- Long-haul adventure tour operators have reported a spike in bookings starting before the announcement on quarantine reduction (TTG)
- Like TikTok’s Creator Fund, Snapchat’s launching their own $1 million-per-day fund through to the end of the year to encourage creators to stick with the platform. The fund will distribute the money through the new Spotlight section and creators’ content will first go to 100 users who ‘vote’ with their attention on what’s good/not good before going up to 1,000 then to 10,000, and so on.
- Snapchat’s also made a few other moves this week, acquiring music creation app Voisey as part of social’s apparently endless trend to just replicating each other’s functions. To digress: this sounds like a cynical take on the situation — and might be — but it’s more likely related to the realisation that the actual value of each of these social channels is not in the technical elements of their UI but instead in the kind of audiences that use the platforms. TikTok is important to people who use TikTok because they use it for a different reason than people use Instagram even if a lot of 9:16 15-second videos fit on both platforms, for example. Facebook and Twitter serve similar functions to different audiences as another example, although one is much better monetised. Perhaps as consumer social expands it will also converge in many ways. Look to the Mac vs. PC: ultimately similar but aesthetically different and used by different people for different purposes. And don’t forget Linux still kicks around.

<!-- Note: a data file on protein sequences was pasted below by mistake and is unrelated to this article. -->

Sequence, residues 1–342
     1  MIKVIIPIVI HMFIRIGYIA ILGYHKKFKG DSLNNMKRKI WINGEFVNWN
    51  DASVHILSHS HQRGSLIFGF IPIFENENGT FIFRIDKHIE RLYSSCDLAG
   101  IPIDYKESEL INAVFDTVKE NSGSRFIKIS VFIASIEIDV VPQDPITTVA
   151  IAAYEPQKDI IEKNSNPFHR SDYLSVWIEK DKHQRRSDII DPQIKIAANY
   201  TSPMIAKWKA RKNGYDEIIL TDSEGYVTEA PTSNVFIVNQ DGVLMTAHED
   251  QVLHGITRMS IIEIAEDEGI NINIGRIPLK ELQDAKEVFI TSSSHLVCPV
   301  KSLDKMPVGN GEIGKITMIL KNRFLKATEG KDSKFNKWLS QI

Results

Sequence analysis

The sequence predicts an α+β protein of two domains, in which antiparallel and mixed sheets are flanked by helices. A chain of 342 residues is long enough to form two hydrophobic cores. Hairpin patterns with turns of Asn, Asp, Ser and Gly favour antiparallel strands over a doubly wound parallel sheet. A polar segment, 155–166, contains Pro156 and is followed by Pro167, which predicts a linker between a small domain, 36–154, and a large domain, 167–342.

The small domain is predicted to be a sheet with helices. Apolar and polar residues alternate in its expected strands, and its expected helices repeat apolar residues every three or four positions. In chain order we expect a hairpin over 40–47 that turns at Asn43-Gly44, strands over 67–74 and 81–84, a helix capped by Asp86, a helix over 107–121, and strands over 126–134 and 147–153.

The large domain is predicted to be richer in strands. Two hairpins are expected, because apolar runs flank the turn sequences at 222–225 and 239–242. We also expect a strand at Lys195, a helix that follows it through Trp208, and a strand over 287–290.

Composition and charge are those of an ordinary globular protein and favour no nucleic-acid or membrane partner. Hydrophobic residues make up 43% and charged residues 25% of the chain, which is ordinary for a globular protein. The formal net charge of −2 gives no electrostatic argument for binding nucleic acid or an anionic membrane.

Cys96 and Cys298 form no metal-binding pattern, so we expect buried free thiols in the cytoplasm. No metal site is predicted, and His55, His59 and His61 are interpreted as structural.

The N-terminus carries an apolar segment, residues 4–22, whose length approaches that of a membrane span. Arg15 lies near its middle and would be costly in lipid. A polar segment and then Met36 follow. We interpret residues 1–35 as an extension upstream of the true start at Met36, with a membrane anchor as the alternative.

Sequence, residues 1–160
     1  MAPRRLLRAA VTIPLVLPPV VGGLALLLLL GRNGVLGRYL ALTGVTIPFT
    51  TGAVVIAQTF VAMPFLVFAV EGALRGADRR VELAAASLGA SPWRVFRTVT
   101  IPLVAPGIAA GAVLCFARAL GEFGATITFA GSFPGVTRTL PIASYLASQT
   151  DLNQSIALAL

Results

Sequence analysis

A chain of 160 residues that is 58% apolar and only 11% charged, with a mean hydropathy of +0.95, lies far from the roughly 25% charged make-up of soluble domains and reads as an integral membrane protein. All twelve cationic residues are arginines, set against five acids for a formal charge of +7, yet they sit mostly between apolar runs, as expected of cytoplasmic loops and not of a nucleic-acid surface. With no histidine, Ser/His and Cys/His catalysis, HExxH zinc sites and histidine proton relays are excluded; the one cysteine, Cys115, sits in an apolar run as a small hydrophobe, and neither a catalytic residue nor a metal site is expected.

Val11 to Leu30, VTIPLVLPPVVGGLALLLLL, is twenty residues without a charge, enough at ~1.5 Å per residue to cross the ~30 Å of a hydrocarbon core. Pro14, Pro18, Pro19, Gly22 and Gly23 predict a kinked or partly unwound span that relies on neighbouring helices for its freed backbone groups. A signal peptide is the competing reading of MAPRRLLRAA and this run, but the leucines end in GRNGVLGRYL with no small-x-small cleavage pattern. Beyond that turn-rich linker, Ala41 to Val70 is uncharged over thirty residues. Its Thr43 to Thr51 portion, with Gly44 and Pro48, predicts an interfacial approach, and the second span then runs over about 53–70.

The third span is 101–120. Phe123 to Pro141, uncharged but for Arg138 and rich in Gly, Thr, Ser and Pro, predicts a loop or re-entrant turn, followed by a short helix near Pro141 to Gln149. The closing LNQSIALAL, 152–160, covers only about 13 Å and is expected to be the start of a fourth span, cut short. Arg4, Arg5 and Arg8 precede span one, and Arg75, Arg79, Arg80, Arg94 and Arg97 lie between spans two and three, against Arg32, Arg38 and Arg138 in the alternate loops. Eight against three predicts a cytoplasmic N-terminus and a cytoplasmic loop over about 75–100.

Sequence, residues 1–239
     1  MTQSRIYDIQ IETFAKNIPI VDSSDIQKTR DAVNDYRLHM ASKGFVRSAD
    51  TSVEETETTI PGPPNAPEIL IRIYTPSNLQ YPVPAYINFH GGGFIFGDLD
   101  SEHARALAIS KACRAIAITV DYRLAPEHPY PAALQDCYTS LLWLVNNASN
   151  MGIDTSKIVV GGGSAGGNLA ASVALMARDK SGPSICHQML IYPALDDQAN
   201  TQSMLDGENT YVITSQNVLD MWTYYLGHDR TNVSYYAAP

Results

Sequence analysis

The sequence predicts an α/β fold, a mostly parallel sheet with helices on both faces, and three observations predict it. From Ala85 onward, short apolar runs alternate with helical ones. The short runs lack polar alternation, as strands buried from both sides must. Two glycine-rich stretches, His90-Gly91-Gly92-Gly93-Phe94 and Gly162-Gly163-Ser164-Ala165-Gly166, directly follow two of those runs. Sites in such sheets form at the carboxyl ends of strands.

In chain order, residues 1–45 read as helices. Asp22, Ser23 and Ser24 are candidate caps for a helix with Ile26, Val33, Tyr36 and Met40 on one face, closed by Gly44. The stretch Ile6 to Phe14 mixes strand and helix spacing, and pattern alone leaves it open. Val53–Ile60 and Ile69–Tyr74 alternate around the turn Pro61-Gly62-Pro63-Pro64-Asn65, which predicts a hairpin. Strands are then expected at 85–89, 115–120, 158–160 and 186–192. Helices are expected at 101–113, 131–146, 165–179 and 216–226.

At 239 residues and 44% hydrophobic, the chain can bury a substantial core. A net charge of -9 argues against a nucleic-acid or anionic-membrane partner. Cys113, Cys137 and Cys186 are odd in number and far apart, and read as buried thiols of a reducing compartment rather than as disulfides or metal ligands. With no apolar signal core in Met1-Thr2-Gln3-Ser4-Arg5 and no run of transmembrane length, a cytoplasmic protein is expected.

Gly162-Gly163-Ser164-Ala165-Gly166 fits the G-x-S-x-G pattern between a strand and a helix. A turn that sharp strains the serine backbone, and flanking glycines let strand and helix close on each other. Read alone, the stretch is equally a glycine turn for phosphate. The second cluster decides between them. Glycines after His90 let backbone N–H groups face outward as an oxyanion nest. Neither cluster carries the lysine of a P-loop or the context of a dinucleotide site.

- Some more Snapchat news: they’re adding a few new ad options for app marketers.
- Twitter’s looking to reopen its verification process and is looking for feedback on the new guidelines. Verification can feel pretty random at the moment and there’s not a clear roadmap to verification after the public process was scrapped back in 2017. Feed into the draft policy here.
- The bird app’s also adding new warning popups when you like tweets which contain disputed information. They’ve been doing this for retweets on that kind of content for a little while but now they’re cracking down even on simple likes, which does make sense given that there’s plenty of algorithmic distribution based on likes as well as retweets.
- Ever watched a long YouTube video to learn something new and wished they’d added chapters so you knew when to skip to? YouTube’s staff have so they’re testing automated chapters to help you get to where you’d like to go.
- Instagram’s testing an FAQ feature for Instagram Direct. Messenger’s already got something pretty similar for Business Pages but this new four-option tool will be a good way to help bigger brands combat those pesky FAQs you’ve probably already got in your Notes app to copy and paste whenever someone asks.
- As we get nearer and nearer to an available COVID-19 vaccine, Facebook, Twitter, and Google are partnering with various independent fact-checking bodies to fight conspiracy theories and misinformation so we can all get healthy and vaccinated and back to normal.